It is difficult to find good statistics on adoption. Usually when you do come across some “new” data it is from 3-5 years ago. Here is an exception.
The U.S. Department of Health and Human Services recently released results from The National Survey of Adoptive Parents (NSAP), the first large, nationally representative survey of adoptive families across adoption types. The researchers completed 2,089 interviews between April 2007 and July 2008. Below are some interesting highlights for those interested in domestic adoption:
- Changes in the adoption landscape may affect domestic adoption. International adoptions to the United States have been declining since 2004 and the relinquishment of infants born to never-married women has become rarer, declining from 8.7 percent prior to 1973 to 1 percent throughout the 1990s.
- From Figure 3 showing children’s history prior to adoption, 17% of children who were adopted by a non-relative through private domestic adoption once lived with their birth family.
- With regards to race and Hispanic origin, 50% of children adopted through private adoption were non-Hispanic white (Figure 5) and 21% were adopted transracially (Figure 7).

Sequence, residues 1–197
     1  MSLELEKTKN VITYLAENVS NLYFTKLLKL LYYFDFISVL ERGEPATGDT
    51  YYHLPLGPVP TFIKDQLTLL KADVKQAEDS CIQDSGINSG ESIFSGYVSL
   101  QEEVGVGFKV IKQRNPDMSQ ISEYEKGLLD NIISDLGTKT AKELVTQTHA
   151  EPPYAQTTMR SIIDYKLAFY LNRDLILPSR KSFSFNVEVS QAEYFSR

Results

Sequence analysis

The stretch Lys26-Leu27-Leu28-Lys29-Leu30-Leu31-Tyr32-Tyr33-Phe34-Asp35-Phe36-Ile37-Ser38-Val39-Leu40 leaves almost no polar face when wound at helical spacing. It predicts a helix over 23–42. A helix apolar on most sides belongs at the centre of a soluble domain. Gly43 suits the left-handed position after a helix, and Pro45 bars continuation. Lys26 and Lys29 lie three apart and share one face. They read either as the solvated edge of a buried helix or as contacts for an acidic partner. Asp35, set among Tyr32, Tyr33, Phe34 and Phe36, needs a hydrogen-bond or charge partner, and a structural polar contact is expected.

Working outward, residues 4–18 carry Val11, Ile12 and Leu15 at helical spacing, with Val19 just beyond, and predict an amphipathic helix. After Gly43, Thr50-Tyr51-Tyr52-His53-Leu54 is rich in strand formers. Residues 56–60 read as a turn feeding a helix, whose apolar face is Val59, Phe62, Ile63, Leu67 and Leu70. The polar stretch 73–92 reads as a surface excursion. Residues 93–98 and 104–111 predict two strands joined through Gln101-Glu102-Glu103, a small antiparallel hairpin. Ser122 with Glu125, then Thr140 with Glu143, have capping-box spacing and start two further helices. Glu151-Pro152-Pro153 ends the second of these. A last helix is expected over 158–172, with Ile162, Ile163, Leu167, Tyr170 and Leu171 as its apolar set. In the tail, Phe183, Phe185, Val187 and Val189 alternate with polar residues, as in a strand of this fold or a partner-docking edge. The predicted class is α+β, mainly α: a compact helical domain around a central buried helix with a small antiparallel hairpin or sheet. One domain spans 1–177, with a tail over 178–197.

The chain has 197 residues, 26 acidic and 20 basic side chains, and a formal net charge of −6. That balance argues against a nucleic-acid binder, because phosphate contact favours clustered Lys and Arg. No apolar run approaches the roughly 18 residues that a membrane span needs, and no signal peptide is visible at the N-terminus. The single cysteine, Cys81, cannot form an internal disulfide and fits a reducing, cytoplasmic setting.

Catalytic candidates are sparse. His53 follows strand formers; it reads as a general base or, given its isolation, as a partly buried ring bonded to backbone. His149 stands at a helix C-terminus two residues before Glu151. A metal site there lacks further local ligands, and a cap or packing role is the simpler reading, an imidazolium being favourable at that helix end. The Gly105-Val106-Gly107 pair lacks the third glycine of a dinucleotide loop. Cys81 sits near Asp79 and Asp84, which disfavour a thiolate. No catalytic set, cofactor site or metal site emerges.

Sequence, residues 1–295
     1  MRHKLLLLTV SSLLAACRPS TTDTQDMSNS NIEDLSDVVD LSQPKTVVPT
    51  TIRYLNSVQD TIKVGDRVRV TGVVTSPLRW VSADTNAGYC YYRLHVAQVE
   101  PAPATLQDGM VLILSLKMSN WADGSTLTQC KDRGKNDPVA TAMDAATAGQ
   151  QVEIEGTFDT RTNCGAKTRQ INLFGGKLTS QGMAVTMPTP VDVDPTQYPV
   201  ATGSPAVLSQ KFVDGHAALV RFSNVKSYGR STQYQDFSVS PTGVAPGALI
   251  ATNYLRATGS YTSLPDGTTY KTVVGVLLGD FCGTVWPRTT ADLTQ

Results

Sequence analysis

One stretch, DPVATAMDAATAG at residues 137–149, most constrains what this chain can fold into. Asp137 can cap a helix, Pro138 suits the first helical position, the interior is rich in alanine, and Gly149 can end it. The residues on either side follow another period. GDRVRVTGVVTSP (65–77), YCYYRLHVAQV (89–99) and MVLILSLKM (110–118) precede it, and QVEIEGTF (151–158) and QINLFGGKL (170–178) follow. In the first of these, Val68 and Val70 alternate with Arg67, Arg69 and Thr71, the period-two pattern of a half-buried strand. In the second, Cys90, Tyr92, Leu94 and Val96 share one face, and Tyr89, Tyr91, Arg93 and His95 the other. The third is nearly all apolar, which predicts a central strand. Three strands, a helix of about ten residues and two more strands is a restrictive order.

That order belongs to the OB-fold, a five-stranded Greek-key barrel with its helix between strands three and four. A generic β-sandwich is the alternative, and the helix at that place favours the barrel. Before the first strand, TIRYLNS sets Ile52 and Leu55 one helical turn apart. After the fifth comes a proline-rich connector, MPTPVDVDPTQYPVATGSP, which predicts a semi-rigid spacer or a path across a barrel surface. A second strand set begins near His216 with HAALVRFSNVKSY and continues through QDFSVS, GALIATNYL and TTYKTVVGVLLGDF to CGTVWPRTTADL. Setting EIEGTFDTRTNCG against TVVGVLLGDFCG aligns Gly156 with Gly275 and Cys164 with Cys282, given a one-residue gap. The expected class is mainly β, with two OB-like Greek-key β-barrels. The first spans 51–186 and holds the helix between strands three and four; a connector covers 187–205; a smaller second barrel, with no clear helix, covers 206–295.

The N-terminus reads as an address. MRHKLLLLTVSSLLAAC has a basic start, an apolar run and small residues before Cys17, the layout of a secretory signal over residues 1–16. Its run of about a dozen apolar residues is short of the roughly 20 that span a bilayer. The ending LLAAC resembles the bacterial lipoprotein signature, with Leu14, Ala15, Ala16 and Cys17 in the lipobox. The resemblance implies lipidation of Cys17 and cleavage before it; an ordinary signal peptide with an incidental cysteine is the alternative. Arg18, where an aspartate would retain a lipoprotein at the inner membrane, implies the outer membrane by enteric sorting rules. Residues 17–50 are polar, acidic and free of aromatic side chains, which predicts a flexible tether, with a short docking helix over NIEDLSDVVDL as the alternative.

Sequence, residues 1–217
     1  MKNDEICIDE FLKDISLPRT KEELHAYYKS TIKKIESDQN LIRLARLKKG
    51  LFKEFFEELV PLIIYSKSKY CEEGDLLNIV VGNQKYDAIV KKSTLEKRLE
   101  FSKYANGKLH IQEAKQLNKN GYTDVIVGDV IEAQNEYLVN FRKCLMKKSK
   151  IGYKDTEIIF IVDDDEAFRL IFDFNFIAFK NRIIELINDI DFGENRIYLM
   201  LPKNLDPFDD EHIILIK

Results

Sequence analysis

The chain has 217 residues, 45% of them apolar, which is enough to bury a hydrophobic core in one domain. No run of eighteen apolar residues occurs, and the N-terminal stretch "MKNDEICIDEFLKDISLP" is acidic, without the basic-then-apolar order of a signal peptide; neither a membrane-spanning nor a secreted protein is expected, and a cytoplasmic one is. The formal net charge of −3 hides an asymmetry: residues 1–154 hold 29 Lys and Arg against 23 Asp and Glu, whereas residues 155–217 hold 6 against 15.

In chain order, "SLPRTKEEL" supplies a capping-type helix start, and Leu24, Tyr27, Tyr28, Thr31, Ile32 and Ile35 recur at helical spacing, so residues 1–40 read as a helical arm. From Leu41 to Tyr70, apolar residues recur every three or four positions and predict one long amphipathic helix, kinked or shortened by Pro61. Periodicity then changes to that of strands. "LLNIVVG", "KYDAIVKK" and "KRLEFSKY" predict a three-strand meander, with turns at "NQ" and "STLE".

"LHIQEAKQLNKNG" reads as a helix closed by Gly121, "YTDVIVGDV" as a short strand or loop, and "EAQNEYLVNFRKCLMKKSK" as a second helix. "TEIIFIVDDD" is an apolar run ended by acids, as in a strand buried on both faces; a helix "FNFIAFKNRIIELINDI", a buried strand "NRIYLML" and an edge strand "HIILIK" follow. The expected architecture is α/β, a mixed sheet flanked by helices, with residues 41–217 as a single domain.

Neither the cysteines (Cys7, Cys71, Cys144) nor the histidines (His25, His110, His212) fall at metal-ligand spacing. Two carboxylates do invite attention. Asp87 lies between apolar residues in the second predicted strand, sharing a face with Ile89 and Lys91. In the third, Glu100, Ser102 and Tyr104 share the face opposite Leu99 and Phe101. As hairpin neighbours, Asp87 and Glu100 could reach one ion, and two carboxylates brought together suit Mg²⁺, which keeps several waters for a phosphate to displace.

- When it comes to health, a greater percentage of children adopted through private adoption (21%) experience moderate or severe health problems as compared to children adopted internationally (14%).
- Adoption satisfaction was measured by the percentage of adoptive children whose parents would make the same decision to adopt again. For private adoptions, 93% of adopted children’s parents would definitely adopt again. For international adoptions the percentage dropped to 87% and for foster care it dropped to 81%.
- Satisfaction with adoption professionals is high. Nearly nine out of ten adopted children have a parent who is satisfied with their adoption attorney or agency and more than nine out of ten believe that the agency disclosed all important information prior to the adoption.
- Adoption openness data portrays a mixed bag. Almost all adopted children ages 5 and older (97 percent) know they were adopted, but among children adopted by non-relatives, approximately one-third have a pre-adoption agreement regarding openness and roughly one-third have had post-adoption contact with birth family members.